Back to Articles

June 6, 1996

Sonny Burgess:
Roots-rock Rocket

It's too bad oldies radio sucks so horribly, because there's a rich tapestry of untamed early rock and roll going unheard by all but a few. Rockabilly seems to make a big splash in popular music about once a decade with increasingly cartoonish affectations (Stray Cats, Chris Isaak, Rev. Horton Heat). But with the exception of regional pockets of enthusiasts (epitomized locally by outfits like the Cranktones), the real deal gets relegated to "roots" festivals and folk-purist academe -- maybe because at its best, it's still just too hog-spankin' wild for mass consumption. Yeah, the Sun Records catalogue has been repackaged more times than rat meat in a Chicago bologna factory. But that's a testament to how the fusion of hot-blooded R&B and booze-headed hillbilly skronk still resonates every time rock and roll gets crazy and dangerous on three twangy chords and a jug of whatever's handy. Albert "Sonny" Burgess, one of the boogie-fueled white kids who sought out Sun in rockabilly's post-Elvis heyday, is living proof. At the ripe old age of 65, Burgess is about to release a new solo disc, Sonny Burgess (Rounder), and it's a scorcher -- a rocket from the roots-rock crypt with much of the same caustic kick of the wax he cut 40 years ago.

On the new album's "Big Black Cadillac," the pulpy, bloody-murder howl that infused his '56-'57 rockabilly classics "Red-Headed Woman," "We Wanna Boogie," and "Ain't Got a Thing" (recently collected on AVI's Hittin' That Jug: The Best of Sonny Burgess) rears up anew, huffing and leering like an atomic-powered, fin-tailed street demon that's just blown the doors off every hot rod on the strip. It's the same approach Burgess honed in his hometown of Newport, Arkansas, where his band the Moonlighters did some gigs with Elvis Presley in 1955. The next year, the Moonlighters added a blast of raunchy trumpet and a second guitarist, changed their name to the Pacers, and persuaded Sun honcho Sam Phillips to put out "Red Headed Woman" b/w "We Wanna Boogie" as their first single. Although less visible than the King and the Killer and Carl Perkins, Burgess was rockabilly's real wild child -- hootin' and hollerin' and flat-out screaming, pouncing off the stage in mid performance with the Pacers to lead the audience in Indian war dances and human pyramid-building, then jumping back on the bandstand and tearing up the fretboard. Which makes him a hero if you're into any kind of wild-ass rock and roll.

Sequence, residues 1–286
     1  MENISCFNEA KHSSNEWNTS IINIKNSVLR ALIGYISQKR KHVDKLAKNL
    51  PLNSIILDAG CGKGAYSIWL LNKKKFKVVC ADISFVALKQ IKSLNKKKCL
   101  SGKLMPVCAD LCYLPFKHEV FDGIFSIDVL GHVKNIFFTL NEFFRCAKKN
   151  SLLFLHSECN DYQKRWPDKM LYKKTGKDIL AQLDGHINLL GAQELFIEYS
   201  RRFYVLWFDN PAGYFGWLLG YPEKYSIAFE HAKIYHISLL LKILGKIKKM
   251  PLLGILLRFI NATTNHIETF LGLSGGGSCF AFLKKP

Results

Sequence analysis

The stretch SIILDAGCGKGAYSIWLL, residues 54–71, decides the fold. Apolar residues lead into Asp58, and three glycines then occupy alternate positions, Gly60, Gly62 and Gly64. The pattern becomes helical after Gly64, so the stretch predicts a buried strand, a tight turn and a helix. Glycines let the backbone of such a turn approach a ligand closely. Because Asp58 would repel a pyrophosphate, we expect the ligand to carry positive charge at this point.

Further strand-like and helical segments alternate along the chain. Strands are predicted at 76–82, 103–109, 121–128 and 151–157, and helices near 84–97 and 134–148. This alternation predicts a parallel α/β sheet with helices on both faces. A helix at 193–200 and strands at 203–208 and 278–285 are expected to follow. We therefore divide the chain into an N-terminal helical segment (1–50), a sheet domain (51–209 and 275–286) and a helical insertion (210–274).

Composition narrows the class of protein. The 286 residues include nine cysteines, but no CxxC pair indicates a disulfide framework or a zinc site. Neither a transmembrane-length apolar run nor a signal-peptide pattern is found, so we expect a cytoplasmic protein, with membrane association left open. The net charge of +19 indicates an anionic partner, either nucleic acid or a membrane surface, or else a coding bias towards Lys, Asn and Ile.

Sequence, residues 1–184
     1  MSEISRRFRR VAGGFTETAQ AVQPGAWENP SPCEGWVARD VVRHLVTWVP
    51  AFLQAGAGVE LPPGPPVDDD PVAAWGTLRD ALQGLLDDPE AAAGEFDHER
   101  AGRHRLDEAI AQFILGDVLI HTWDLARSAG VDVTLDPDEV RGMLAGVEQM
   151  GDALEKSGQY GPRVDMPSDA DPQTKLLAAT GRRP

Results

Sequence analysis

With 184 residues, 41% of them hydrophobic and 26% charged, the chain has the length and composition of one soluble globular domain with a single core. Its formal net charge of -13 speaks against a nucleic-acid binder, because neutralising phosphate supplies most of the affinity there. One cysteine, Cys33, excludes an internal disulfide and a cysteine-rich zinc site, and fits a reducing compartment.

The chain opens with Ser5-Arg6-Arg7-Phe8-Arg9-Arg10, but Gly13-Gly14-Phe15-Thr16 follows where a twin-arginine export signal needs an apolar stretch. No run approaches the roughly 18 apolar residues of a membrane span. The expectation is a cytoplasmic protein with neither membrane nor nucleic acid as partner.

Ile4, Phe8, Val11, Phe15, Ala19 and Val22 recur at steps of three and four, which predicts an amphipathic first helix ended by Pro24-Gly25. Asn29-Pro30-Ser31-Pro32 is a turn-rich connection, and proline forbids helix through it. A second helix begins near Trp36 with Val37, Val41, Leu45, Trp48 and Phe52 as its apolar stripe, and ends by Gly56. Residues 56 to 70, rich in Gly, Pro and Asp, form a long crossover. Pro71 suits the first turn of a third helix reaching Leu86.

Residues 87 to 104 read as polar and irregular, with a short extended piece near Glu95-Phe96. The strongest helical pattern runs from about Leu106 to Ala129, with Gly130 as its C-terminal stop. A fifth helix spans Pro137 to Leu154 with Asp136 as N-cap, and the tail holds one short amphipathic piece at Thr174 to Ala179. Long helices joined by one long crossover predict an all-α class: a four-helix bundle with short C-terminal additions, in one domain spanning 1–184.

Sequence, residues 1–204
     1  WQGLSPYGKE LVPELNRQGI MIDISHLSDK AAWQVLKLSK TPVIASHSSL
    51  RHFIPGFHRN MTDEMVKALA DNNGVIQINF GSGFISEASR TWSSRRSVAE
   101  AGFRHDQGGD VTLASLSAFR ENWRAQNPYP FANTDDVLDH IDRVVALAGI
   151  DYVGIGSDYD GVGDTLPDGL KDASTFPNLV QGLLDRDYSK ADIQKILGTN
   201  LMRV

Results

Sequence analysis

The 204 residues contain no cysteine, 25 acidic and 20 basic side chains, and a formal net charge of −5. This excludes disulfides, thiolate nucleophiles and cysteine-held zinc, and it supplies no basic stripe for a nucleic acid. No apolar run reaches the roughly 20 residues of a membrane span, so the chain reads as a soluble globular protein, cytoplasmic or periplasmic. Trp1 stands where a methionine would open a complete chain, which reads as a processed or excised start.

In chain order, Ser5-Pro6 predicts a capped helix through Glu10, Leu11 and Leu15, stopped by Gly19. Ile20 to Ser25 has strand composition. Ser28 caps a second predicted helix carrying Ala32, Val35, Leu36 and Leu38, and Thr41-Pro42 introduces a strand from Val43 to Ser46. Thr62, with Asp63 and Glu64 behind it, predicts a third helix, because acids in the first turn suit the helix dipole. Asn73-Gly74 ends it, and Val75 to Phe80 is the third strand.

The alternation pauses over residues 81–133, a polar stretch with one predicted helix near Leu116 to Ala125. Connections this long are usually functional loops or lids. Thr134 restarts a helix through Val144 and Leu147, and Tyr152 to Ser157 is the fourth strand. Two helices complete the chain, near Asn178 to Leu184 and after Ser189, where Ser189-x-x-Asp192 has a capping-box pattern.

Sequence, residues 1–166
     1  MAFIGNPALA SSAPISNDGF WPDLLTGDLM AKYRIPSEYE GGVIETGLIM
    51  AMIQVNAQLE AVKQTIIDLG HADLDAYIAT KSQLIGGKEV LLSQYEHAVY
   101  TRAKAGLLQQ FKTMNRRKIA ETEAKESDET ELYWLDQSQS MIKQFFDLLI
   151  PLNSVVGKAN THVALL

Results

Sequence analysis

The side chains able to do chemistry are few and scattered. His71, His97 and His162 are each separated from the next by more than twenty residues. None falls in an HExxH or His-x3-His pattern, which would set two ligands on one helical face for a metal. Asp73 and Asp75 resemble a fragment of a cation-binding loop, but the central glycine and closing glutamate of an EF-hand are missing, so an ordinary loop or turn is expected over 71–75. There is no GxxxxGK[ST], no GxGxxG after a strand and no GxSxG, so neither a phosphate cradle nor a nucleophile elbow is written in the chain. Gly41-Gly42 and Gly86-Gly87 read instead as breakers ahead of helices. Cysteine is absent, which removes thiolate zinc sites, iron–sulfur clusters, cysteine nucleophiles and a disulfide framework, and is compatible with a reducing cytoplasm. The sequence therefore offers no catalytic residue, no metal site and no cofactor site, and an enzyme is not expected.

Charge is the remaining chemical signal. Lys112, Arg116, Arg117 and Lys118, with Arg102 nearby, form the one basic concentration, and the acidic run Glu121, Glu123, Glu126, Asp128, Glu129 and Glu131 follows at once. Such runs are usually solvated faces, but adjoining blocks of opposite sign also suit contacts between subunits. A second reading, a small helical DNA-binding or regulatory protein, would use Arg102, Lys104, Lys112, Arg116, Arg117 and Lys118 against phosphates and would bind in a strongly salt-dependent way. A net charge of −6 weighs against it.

Producer Garry Tallent (former bassist for the E Street Band; he also contributes rhythm guitar) has assembled a crack squad of session musicians and songwriters, making this new album a worthy companion to the one Burgess released with the Sun Rhythm Section (on Flying Fish), the festival-touring band of Memphis rawk veterans. The new ensemble -- steeped in a close approximation of Sun-style slapback echo -- is anchored by Tallent's ragged strumming and John Gardner's sparse but crisp skin-beating, with Roy Huskey's muscular upright-bass slaps and Burgess's stinging, laser-precise leads providing crucial propulsion. Burgess's cousin Larry Cheshire, a former Nashville songwriter, provides a handful of ballads including the Orbison-esque "Hang Up the Moon" and a remorseless anthem, "Hell Yes I Cheated."

Thanks to Tallent, Bruce Springsteen contributes his unrecorded "Tiger Rose." And on the album's cameo coup, original Elvis Presley guitarist Scotty Moore and the Jordanaires chip in for "Bigger Than Elvis," Burgess's tribute to the cat who first blew his mind on rockabilly. But the album's brightest moments are the visceral fire-and-brimstone rockers like "Catbird Seat" and roadhouse R&B shouters like "Look Out for Number One," where Burgess breaks rockabilly out of the yellowing pages of history, re-animates it with a jolt of lightning, and carries it screaming out the door.

-- Carly Carioli

Russian Language

Rockabilly Central | Tours | Chicago | Swing | Photos | Articles | Reviews | Movies | Links

Get Smart! lisa wertman marc koch frank loose kansas chicago One For All remotes